Negative Gearing | | Wilson & Assoc Chartered Accountants

Is negative gearing worth it?

Negative gearing is a common catchphrase in the investment and tax scene. In this article, we take a closer look into its various implications and let you be the judge of whether it’s worth the candle.

What is negative gearing

Negative gearing is when the expenses of owning and renting out an investment property exceed the rental income it generates.

How does negative gearing work ?

When a property is negatively geared, the rental income received from tenants is insufficient to cover the expenses of owning the property.

These expenses typically include mortgage interest, property management fees, maintenance costs, insurance, and council rates. The shortfall between rental income and expenses results in a net loss for the investor.
The investor can then deduct these losses from their taxable income, thereby reducing their overall tax bill.

What are the advantages of negative gearing?

•   Saving: Repaying a property loan is an effective strategy to induce a saving habit.
•   Tax reduction: All the costs of property ownership and management, including mortgage interest and the building costs, become tax deductible.
•   Capital growth: Enjoy the potential of capital appreciation of the property over time, while claiming minimizing tax with the negative gearing losses.

What are the  drawbacks of negative gearing?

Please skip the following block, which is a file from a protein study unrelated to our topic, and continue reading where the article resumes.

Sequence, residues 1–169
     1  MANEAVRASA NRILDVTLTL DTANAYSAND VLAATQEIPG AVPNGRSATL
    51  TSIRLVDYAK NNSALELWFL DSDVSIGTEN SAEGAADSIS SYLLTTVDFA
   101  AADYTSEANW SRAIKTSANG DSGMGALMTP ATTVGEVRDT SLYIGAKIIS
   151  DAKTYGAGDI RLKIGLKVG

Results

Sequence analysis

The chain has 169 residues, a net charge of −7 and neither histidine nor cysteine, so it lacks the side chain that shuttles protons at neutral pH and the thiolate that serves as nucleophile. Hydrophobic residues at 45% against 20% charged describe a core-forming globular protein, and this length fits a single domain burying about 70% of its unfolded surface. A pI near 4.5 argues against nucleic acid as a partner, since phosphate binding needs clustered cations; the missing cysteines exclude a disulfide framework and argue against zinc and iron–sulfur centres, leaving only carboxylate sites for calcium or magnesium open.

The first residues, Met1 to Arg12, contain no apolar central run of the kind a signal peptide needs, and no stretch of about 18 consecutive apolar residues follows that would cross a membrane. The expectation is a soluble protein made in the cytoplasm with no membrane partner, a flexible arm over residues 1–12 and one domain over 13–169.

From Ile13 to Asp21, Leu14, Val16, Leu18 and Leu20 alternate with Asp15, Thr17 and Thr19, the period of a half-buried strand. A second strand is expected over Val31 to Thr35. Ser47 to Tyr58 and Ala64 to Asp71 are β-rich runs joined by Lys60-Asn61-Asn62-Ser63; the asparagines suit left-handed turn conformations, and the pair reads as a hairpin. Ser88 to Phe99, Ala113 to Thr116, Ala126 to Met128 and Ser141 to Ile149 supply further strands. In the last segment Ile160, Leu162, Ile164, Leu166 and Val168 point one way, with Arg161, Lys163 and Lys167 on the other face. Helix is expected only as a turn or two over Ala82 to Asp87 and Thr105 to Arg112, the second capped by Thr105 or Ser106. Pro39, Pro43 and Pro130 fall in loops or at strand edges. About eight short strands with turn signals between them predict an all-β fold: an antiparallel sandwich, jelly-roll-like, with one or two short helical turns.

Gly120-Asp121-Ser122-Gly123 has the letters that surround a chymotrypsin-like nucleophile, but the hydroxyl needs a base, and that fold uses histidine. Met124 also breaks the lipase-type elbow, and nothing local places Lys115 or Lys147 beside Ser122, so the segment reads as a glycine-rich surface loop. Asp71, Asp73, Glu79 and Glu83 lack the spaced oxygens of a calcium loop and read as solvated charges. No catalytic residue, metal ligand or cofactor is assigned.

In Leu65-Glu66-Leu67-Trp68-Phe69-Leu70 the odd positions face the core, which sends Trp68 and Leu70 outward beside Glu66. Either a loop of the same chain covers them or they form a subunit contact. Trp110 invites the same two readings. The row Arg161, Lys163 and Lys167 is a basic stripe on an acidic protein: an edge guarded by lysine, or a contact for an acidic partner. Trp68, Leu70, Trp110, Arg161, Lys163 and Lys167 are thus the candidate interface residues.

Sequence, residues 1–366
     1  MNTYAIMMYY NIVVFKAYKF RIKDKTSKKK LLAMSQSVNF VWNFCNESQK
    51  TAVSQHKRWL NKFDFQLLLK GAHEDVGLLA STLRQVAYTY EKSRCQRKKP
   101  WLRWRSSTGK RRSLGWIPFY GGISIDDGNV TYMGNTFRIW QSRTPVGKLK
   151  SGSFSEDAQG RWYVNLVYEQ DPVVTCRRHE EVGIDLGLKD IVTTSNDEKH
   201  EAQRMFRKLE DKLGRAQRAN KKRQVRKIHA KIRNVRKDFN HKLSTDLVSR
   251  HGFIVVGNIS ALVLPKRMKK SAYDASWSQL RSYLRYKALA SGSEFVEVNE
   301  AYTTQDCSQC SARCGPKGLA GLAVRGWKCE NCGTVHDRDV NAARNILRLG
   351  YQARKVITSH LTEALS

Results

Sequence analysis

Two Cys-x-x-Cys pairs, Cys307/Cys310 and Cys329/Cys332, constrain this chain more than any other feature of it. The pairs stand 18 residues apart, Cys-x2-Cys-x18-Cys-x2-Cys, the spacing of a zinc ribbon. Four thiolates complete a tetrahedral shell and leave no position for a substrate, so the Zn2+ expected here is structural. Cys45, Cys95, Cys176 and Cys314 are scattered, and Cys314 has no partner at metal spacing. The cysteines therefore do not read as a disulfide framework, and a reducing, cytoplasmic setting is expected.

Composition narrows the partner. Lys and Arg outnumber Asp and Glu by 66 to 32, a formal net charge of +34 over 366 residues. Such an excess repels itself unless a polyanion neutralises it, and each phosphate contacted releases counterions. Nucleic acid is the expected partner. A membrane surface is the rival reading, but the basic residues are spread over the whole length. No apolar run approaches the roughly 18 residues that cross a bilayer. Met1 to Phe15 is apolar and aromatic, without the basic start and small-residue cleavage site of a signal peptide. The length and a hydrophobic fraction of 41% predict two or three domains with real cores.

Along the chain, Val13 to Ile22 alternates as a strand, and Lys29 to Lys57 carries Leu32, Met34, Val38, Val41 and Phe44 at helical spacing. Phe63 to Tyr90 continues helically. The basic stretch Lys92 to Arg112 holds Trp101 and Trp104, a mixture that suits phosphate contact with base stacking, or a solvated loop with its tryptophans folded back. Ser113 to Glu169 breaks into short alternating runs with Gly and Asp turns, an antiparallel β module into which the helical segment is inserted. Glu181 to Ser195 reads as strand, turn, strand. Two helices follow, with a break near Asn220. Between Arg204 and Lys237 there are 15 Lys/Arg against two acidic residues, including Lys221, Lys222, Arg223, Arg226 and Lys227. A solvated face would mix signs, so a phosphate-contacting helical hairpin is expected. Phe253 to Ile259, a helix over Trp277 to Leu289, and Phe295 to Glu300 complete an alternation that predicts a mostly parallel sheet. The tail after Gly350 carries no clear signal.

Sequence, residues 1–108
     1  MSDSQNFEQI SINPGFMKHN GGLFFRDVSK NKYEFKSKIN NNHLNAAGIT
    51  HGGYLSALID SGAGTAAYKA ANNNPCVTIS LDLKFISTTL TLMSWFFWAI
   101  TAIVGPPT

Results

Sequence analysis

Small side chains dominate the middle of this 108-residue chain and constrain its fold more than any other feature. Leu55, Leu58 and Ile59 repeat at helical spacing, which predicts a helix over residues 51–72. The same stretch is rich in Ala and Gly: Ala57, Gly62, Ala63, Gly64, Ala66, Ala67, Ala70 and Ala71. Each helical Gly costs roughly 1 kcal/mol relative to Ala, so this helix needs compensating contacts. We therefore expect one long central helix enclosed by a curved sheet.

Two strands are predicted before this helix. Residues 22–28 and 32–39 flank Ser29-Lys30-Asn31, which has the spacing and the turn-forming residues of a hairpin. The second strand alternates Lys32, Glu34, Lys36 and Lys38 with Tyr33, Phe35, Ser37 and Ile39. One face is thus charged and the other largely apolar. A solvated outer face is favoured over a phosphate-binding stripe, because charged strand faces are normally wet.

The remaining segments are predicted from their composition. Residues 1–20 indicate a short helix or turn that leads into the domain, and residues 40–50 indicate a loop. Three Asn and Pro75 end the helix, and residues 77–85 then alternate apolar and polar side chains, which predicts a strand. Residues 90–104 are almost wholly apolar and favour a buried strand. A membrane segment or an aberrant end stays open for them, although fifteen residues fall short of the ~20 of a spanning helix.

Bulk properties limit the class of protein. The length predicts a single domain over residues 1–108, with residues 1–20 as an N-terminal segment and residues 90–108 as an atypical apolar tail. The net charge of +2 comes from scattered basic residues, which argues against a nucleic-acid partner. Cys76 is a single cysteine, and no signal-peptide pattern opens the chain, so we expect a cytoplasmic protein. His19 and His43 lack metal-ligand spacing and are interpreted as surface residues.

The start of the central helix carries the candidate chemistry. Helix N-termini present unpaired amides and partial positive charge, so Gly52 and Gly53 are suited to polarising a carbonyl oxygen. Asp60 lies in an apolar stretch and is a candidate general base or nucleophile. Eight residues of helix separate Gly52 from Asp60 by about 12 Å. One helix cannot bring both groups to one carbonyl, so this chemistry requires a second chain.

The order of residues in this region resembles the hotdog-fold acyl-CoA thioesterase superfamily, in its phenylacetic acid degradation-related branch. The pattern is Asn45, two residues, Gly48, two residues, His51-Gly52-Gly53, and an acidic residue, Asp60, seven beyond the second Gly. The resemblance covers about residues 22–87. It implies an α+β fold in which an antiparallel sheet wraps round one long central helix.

•   Cash flow: The key concern is that of cash flow.  Negative gearing means you must fund the rental cash losses, or the excess of interest and rental expenses over the rental income. This cash pressure can be magnified in time of high inflation and rising interest rates.

•   Market Volatility: The success of negative gearing as a strategy is heavily dependent on factors such as property market conditions, interest rates, and economic stability. Economic downturns causes stagnant property markets which will in turn cause higher interest and lower capital growth and thereby reduce the effectiveness of this strategy.

Who is negative gearing most suitable for?

Negative gearing is suitable for all investors who are looking to reduce their tax liability while also potentially benefiting from long-term capital growth, the higher their income, the greater the tax savings.

Caution is advised before engaging in negative gearing, to conduct a realistic assessment of the loan repayment (allowing a margin for rate increase), on-going cost of ownership, the cash flow requirements,  compared against the property value and growth potentials.

What are the alternatives to negative gearing?

Alternative investment strategies include positive gearing, neutral gearing, property flipping, or investing in other asset classes such as shares, bonds, or real estate investment trusts (REITs).  Each strategy has its own set of pros and cons. We recommend seeking professional advice to choose the options that best aligns with your financial situation and objectives.

How can Wilson & Assoc help?

Talk to our friendly team to understand the effectiveness and impact of negative gearing for your specific situation.


Source: ATO

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Disclcaimer: The information provided within this article is general information only.  None of the comments in these notes are intended to be advice, whether legal, financial product or professional. You should obtain specific advice regarding your particular circumstances from a tax or legal professional.

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